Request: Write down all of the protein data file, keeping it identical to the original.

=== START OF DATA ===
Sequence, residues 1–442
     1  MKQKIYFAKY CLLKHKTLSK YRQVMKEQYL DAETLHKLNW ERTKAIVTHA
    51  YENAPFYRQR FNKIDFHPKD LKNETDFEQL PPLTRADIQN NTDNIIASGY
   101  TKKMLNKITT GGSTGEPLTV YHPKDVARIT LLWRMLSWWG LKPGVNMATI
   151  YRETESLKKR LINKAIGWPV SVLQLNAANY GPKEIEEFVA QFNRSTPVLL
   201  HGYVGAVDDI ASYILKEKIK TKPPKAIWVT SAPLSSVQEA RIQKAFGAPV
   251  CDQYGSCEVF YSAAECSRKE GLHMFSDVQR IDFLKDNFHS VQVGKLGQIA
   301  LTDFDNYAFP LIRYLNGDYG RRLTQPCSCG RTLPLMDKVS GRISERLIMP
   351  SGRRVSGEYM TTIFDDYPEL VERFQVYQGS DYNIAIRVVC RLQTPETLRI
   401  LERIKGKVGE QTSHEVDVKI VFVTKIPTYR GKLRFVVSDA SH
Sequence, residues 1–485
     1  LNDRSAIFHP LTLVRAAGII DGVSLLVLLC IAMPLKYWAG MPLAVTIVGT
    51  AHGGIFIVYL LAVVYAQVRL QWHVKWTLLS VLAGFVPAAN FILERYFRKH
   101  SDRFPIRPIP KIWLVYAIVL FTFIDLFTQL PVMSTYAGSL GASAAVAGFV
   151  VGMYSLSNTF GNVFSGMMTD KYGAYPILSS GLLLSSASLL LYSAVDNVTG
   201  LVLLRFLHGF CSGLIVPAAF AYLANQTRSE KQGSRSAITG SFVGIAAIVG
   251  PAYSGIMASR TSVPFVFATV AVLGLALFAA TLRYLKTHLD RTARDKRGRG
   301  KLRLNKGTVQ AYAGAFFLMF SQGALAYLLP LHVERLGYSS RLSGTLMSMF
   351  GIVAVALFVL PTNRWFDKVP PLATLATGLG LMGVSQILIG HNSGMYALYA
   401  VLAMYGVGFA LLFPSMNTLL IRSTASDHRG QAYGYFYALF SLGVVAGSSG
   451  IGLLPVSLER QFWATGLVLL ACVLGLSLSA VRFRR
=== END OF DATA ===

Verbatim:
Sequence, residues 1–442
     1  MKQKIYFAKY CLLKHKTLSK YRQVMKEQYL DAETLHKLNW ERTKAIVTHA
    51  YENAPFYRQR FNKIDFHPKD LKNETDFEQL PPLTRADIQN NTDNIIASGY
   101  TKKMLNKITT GGSTGEPLTV YHPKDVARIT LLWRMLSWWG LKPGVNMATI
   151  YRETESLKKR LINKAIGWPV SVLQLNAANY GPKEIEEFVA QFNRSTPVLL
   201  HGYVGAVDDI ASYILKEKIK TKPPKAIWVT SAPLSSVQEA RIQKAFGAPV
   251  CDQYGSCEVF YSAAECSRKE GLHMFSDVQR IDFLKDNFHS VQVGKLGQIA
   301  LTDFDNYAFP LIRYLNGDYG RRLTQPCSCG RTLPLMDKVS GRISERLIMP
   351  SGRRVSGEYM TTIFDDYPEL VERFQVYQGS DYNIAIRVVC RLQTPETLRI
   401  LERIKGKVGE QTSHEVDVKI VFVTKIPTYR GKLRFVVSDA SH
Sequence, residues 1–485
     1  LNDRSAIFHP LTLVRAAGII DGVSLLVLLC IAMPLKYWAG MPLAVTIVGT
    51  AHGGIFIVYL LAVVYAQVRL QWHVKWTLLS VLAGFVPAAN FILERYFRKH
   101  SDRFPIRPIP KIWLVYAIVL FTFIDLFTQL PVMSTYAGSL GASAAVAGFV
   151  VGMYSLSNTF GNVFSGMMTD KYGAYPILSS GLLLSSASLL LYSAVDNVTG
   201  LVLLRFLHGF CSGLIVPAAF AYLANQTRSE KQGSRSAITG SFVGIAAIVG
   251  PAYSGIMASR TSVPFVFATV AVLGLALFAA TLRYLKTHLD RTARDKRGRG
   301  KLRLNKGTVQ AYAGAFFLMF SQGALAYLLP LHVERLGYSS RLSGTLMSMF
   351  GIVAVALFVL PTNRWFDKVP PLATLATGLG LMGVSQILIG HNSGMYALYA
   401  VLAMYGVGFA LLFPSMNTLL IRSTASDHRG QAYGYFYALF SLGVVAGSSG
   451  IGLLPVSLER QFWATGLVLL ACVLGLSLSA VRFRR